Medicare beneficiaries report greater feelings of satisfaction with their health care than people with other kinds of health care coverage. However, traditional Medicare has notable gaps in its financial protections, including no cap on out-of-pocket spending. Because of this, 90 percent of beneficiaries buy supplemental insurance; join Medicare Advantage plans, which limit out-of-pocket spending; or are dually covered by Medicaid.
Seriously ill Medicare beneficiaries can face particularly onerous financial hardships stemming from health care expenses. A Commonwealth Fund–supported study in Health Affairs — based on findings from the 2018 Health Care in America Survey, sponsored by the Fund, the Harvard T.H. Chan School of Public Health, and the New York Times — looked at how the costs of care affect beneficiaries and their family and friends.
What the Study Found
- More than half (53%) of Medicare beneficiaries with serious illnesses reported experiencing a problem paying a medical bill. Prescription drugs posed the greatest hardship (30%), followed by hospital (25%), ambulance (20%), and emergency department (20%) bills.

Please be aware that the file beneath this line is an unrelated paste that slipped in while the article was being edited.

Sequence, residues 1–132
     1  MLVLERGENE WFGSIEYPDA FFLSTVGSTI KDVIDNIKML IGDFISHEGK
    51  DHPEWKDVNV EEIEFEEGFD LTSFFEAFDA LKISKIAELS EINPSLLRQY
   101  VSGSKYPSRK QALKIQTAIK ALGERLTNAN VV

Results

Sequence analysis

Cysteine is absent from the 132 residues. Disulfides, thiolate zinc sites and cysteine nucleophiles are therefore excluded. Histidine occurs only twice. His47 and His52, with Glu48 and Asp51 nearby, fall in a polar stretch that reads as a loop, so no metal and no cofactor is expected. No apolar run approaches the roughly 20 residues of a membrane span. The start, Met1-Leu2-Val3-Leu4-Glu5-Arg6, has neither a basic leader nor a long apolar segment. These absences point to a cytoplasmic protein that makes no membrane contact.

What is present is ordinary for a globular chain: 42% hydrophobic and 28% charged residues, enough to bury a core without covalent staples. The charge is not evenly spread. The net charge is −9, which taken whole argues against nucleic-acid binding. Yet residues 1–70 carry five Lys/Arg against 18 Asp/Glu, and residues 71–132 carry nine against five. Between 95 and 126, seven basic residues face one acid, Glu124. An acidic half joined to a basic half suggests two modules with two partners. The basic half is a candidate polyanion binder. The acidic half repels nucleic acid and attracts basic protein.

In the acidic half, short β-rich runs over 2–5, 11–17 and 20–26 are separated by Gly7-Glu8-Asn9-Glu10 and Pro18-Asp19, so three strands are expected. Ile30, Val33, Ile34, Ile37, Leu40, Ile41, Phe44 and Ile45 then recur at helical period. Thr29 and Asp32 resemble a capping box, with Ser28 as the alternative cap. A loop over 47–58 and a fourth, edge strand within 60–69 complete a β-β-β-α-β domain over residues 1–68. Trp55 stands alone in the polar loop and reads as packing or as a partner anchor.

More than half (53%) of Medicare beneficiaries with serious illnesses reported experiencing a problem paying a medical bill.
- More than one-third (36%) of beneficiaries said they had used up all or most of their savings to pay for health care. Around a quarter said they had been contacted by a collections agency (27%) or had been unable to pay for necessities like food, heat, or housing (23%).
- When asked about the impact of medical costs on their family, 25 percent said costs were a major burden and 30 percent said they were a minor burden.
- Sixty percent of beneficiaries said family members and friends helped them a lot, 25 percent said they helped a little, and 14 percent said they provided no help. Strain on family members and friends resulted in financial problems, reduced income, and lost jobs.
- Fewer than half of the seriously ill (46%) felt adequately informed by their health care providers about what their insurance would cover.
The Big Picture
The most commonly reported financial problem for seriously ill Medicare beneficiaries was paying for prescription drugs. This could be driven by the number of prescriptions taken, the cost of individual drugs, or aspects of Medicare’s benefit design, like its cost-sharing requirements or formularies, the authors say. They also note that while high-need, high-cost patients are often associated with acute or end-of-life care, this study largely described people living at home, although often relying or friends or family for assistance.
The Bottom Line
Medicare remains broadly popular, but many beneficiaries with serious illnesses have problems affording needed health care.